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Appellate Division Holds That Employee Injury Exclusion Applies to Additional Insureds as well as Insureds

The Appellate Division, Second Department recently issued a decision which has once again reaffirmed that exclusions added to insurance policies by way of an amendment apply to both insureds and additional insureds alike in Soho Plaza Corp. v. Birnbaum, 2013 NY Slip Op 05058.

Soho Plaza Corp. and Dermer Management Inc. sought additional insured coverage from Utica First Insurance Company under a policy it issued to Diamond ERA Construction, Inc. for an accident that occurred on March 15, 2012 when Jason Birnbaum fell from a ladder during the course of his employment for Diamond.   Upon receipt of a request for coverage from Soho and Dermer, Utica First denied coverage based upon an amendatory endorsement which excluded coverage for injuries arising out of bodily injury sustained by “any employee of any insured”. 

Soho and Dermer challenged Utica First’s denial of coverage, asserting that they were additional insureds by way of a separate additional insured endorsement and that the Employee Exclusion, which was not specifically mentioned or identified in the Blanket Additional Insured Endorsement, was therefore not applicable as to them.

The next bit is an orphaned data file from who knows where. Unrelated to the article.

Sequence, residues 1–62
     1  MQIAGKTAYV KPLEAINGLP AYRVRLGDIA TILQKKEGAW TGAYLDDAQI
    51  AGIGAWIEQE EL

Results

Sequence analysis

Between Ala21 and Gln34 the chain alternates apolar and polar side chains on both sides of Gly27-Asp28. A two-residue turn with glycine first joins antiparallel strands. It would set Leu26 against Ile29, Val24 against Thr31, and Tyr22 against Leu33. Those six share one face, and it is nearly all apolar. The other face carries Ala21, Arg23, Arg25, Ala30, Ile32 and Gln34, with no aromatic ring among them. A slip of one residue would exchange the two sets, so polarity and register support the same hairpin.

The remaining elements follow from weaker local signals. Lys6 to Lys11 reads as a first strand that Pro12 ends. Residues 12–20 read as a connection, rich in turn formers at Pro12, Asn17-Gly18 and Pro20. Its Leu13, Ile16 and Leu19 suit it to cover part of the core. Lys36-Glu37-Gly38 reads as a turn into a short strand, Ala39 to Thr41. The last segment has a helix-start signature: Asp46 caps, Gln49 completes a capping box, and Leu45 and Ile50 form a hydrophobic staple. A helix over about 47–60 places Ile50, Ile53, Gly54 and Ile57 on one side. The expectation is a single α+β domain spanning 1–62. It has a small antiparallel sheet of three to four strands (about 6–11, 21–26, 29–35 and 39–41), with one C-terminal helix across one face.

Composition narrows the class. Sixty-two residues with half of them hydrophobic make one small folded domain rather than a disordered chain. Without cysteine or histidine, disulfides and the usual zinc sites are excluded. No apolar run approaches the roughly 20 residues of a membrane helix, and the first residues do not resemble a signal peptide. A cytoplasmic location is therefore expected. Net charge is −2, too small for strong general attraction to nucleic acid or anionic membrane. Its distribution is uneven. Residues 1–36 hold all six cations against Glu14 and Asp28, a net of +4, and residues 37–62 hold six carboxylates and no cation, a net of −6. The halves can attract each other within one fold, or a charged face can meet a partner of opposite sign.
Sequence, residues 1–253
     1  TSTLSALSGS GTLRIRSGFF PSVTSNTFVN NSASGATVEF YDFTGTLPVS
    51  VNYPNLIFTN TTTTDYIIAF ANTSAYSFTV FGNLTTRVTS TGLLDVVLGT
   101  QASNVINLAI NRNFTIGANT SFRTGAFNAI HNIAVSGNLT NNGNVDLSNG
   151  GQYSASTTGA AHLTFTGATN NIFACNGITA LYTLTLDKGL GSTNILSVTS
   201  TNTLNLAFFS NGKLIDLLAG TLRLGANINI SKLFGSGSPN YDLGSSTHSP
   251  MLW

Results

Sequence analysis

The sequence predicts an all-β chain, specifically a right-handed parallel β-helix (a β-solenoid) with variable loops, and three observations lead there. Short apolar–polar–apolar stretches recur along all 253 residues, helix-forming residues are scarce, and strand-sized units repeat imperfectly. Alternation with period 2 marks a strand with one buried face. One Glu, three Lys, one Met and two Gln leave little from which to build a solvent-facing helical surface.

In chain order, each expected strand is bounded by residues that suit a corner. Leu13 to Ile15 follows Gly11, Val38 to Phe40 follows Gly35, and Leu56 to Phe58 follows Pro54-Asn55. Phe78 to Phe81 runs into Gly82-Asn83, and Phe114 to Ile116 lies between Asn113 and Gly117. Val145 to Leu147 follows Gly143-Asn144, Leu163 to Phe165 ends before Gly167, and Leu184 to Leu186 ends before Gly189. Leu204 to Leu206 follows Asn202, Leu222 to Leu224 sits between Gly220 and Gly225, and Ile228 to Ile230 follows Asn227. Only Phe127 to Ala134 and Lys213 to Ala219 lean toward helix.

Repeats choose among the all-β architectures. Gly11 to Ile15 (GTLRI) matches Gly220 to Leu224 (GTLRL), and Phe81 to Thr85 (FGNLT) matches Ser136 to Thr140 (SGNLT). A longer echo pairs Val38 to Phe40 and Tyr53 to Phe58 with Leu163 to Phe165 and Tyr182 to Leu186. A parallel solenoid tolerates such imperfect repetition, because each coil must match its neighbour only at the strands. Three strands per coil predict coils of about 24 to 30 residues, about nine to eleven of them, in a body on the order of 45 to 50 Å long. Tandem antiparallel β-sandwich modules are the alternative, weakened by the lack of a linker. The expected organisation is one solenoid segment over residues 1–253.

Both the trial court and, most recently, the Appellate Division, upheld Utica First’s reliance upon the Employee Exclusion.  In so holding, the Appellate Division explained:

Here, the plain meaning of the exclusion invoked by Utica was that the Utica policy did not provide coverage for damages arising out of bodily injury sustained by an employee of any insured in the course of his or her employment. . . Contrary to the plaintiffs' contentions, the fact that the blanket additional insured endorsement contained its own additional exclusions did not eliminate the exclusions contained in the Utica policy. In construing an endorsement to an insurance policy, the endorsement and the policy must be read together, and the words of the policy remain in full force and effect except as altered by the words of the endorsement . . . Accordingly, since the employee exclusion clause in the Utica policy unambiguously recited that coverage was precluded, the Supreme Court properly granted that branch of Utica's motion which was, in effect, for a judgment declaring that Utica is not obligated to defend and indemnify the plaintiffs in the underlying action.

This decision reaffirms the long standing rule that the New York Courts read and apply all of the terms and conditions contained in all of the forms used by an insurer when issuing an insurance policy, whether those terms are contained in the original main policy form, or an endorsement thereto.